If there's no shortage of gushing when it comes to Stephen Schwartz's and Winnie Holzman's "Wicked" and the day the hype runs out ain't coming anytime soon it's because the musical hits the mercurial sweet-spot of both powerful story and the glory of what's possible on the live theater stage.
Do you think film special effects trump live theater every time? Then prepare to be charmed. In fact, you'll feel your chin drop at the sight of the majestic stage sets and props on display, where no detail is deemed too small in the show's relentless pursuit of atmosphere and spectacle.
Don't even like musicals? Just try keeping your heart in your chest as Act I closes, with Elphaba's momentous decision to defy the Wizard as she sings the pulsating strains of "Defying Gravity."
Skeptical that mere actors on stage can deliver all the nuance of a film close-up, even as you sit hundreds of feet away in your theater seat? The greatest pleasure of this touring production of "Wicked," playing through Aug. 26 at Capitol Theatre, is watching the interplay blossom, falter and mature between Alli Mauzey, who is a sheer delight as Glinda, and Nicole Parker, who delivers a passionate, brooding Elphaba.
This would all feel inflated and ponderous if the story itself were even slightly subpar. Buttressing all the marvelous stage architecture on display, thankfully, is a powerful interplay of peer pressure, prejudice and even hints of racism in an immediately recognizable story.
What happens when the ebullient but good-hearted bad girl, enamored of her own beauty and status, makes friends with the geek girl, the outsider ridiculed for her looks but imbued with a sense of principle and justice that looks beyond society's norms? "Wicked" takes that premise then complicates it with all of real life's sticky situations of jealousy, hard choices, and experiments gone horribly wrong.
The genius of "Wicked" is that, in the fashion all great fairy tales, it's carried along by magical events, sights and metaphors to create an allegory that never feels like an allegory.
When Glinda attempts to transform Elphaba's wardrobe by magic wand, the scene says more about the early challenges of friendship than mere magic. When Elphaba takes to the sky to announce her revolt against the Wizard, a sight stupendous enough by itself, we're granted a vision of what it means to irony excused stand on principle.
Genius though it was for Schwartz to build a musical on the dual foundation of Gregory Maquire's novel Wicked: The Life and Times of the Wicked Witch of the West, and by extension L. Frank Baum's The Wonderful Wizard Oz, the key to "Wicked" is the Glinda-Elphaba match.
There might be a sourpuss somewhere who could find fault with Mauzey's performance as Glinda. If so, I'd love to hear said sourpuss' suggestions on how the role might be improved. With just the right edge of helium-fueled charm in her voice, Mauzey matched Glinda's guilelessness and ferocity in exact proportion, serving every line and gesture to precise, bubble-gum sweet perfection. Think of tennis pro Roger Federer landing the ball at the whim of his every stroke, and you'll get the idea.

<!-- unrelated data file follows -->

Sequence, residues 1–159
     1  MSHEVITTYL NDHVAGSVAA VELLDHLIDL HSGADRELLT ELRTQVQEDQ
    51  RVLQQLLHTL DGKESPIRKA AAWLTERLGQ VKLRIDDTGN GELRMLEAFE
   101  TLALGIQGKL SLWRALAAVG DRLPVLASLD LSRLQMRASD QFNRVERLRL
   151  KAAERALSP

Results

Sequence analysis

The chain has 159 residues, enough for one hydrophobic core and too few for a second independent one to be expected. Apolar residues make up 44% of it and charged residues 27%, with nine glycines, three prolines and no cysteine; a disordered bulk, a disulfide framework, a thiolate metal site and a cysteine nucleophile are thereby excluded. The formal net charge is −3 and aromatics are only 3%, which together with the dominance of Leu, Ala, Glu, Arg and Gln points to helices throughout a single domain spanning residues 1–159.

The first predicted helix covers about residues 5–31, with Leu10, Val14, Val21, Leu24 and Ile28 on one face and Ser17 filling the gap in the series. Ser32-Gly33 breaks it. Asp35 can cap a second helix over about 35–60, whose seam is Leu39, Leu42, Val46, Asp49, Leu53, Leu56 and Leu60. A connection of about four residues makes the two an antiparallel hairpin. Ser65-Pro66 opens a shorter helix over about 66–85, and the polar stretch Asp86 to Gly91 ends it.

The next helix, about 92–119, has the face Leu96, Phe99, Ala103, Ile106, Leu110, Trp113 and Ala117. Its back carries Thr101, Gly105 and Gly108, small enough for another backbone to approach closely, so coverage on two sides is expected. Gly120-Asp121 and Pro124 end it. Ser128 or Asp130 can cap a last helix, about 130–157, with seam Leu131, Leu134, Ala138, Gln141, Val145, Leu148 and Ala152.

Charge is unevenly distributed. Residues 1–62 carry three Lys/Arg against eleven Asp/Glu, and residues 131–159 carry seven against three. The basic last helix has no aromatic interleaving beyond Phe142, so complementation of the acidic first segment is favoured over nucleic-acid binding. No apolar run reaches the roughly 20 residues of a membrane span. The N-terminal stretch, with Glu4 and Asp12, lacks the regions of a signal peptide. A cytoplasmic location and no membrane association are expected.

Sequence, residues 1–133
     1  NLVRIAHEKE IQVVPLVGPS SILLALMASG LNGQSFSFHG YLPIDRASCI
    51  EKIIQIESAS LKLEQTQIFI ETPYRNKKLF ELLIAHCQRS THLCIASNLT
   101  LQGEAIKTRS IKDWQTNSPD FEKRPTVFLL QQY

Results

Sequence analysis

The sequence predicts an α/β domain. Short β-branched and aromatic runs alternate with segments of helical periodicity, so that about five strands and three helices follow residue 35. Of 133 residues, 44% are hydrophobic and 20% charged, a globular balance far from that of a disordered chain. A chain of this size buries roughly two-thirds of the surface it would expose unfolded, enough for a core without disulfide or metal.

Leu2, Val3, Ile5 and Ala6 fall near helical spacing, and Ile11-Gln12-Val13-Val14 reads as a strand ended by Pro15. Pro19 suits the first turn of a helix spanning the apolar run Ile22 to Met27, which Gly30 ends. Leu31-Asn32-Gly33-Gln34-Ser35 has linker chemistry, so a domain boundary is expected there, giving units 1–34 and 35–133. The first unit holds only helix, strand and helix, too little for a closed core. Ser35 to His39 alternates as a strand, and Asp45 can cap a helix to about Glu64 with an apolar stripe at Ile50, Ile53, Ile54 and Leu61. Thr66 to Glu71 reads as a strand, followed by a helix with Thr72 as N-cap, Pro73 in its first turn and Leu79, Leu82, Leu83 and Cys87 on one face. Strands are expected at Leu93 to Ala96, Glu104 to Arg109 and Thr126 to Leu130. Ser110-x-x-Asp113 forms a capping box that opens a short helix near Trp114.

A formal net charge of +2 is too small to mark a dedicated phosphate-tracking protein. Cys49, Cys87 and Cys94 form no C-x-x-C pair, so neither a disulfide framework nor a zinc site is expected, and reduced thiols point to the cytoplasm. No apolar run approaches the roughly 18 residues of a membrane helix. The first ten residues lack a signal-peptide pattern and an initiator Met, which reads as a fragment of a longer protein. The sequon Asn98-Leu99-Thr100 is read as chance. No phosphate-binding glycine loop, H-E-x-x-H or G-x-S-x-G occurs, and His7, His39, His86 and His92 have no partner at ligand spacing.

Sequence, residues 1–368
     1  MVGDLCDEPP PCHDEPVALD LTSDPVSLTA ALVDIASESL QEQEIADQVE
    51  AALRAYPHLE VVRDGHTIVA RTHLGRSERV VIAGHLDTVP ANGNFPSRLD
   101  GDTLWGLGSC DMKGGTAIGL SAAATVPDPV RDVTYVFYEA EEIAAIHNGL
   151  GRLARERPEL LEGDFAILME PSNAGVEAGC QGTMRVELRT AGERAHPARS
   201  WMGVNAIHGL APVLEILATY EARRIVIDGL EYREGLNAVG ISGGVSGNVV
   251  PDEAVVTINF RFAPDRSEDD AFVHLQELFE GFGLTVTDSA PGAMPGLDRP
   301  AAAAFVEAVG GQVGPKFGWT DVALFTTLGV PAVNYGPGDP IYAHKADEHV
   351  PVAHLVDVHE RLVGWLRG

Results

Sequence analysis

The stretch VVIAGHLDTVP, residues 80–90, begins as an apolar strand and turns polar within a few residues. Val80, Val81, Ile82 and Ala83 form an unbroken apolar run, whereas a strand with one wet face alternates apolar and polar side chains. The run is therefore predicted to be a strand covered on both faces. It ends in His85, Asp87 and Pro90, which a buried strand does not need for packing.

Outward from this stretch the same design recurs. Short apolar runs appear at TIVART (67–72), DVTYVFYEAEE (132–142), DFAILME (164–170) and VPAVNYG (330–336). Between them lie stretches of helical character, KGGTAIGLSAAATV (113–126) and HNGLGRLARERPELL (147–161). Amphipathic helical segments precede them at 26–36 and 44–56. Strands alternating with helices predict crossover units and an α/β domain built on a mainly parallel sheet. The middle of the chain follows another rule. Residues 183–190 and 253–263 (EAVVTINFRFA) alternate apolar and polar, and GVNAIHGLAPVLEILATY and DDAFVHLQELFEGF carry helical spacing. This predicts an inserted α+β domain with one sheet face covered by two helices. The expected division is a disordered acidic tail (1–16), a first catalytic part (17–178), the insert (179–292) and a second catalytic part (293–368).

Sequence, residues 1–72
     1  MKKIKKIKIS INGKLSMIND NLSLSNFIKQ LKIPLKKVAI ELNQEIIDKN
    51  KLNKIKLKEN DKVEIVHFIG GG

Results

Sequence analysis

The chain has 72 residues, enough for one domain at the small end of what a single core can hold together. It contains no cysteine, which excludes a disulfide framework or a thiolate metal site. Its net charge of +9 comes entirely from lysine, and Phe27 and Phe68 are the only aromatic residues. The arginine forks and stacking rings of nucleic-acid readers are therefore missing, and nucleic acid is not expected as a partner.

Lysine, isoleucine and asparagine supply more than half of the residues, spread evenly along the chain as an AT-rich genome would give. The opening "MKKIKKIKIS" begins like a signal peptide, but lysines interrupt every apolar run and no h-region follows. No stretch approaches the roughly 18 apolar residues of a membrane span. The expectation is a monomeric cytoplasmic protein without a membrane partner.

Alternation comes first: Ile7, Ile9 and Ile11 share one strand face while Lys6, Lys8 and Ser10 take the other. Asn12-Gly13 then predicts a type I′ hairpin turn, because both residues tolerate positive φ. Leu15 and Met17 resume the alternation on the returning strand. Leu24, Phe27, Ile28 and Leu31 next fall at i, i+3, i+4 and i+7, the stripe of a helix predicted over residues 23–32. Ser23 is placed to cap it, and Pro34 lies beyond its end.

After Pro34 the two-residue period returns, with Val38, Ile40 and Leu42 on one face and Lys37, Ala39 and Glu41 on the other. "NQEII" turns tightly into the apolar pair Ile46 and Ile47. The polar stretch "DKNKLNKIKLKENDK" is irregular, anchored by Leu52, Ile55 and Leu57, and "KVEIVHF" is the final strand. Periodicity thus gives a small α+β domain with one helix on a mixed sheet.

Parker was also impressive as the brooding, green-skinned Elphaba with a heart for animals and their suffering, a keen eye for the abuse of power, and a cynic's despair. About the only fault one might find with the story is that the crux of Elphaba's principled stand relies too much on a pre-packaged, PETA-approved message of animal rights.
Together, most notably in the scenes "Popular" and "One Short Day," Mauzey and Parker create true theater magic. It takes a steely actor's resolve to deliver dialogue that still sounds fresh and spontaneous after scores of road performances. This Glinda and Elphaba make the task look easy.
As fine as the soundtrack is, its pop-music and power-ballad leanings don't effectively complement the show's lavish Victorian-era "steampunk" sets. Set against truly great works of musical theater, for example Stephen Sondheim's "Sweeney Todd," you could argue that not every element works in tandem the way it could. There are fleeting moments when the ensemble cast feels a bit mechanized, as if they've done it all before.
No matter. "Wicked" is its own species of theater animal. A true blockbuster, it's better loved than overly analyzed; more fun to adore than nitpick. If all goes well the night you see it if you're fortunate enough to have tickets, that is you may well walk out of the theater feeling that, even at the price of your $195 ticket, you still got the entertainment bargain of a lifetime.
A Broadway-sized example of why we go bonkers for live theater. Maybe the ensemble cast felt too rote, but leads Alli Mauzey as Glinda and Nicole Parker as Elphaba by themselves would be worth the price of admission.
When Â» Reviewed Thursday, July 19; continues through Aug. 26. Tuesday-Thursday, 7:30 p.m.; Friday and Saturday, 8 p.m.; Sunday, 6:30 p.m. with 2 p.m. matinees Saturday, Sunday and Thursday, July 19.
Where Â» Capitol Theatre, 50 W. 200 South, Salt Lake City.
Info Â» $125-$195; many shows for the six-week run are sold out; best availability are Sunday shows and shows near the end of the run. Call 801-355-ARTS or visit ArtTix.org. Find more information at http://www.magicspace.net/saltlakecity.
Lottery Â» To enter a nightly drawing for a pair of $25 orchestra-seat tickets, present yourself in person at the theater box office 2 1/2 hours before the show. Winners should be prepared to pay cash.
Running time • Two hours and 45 minutes, including a 15-minute intermission.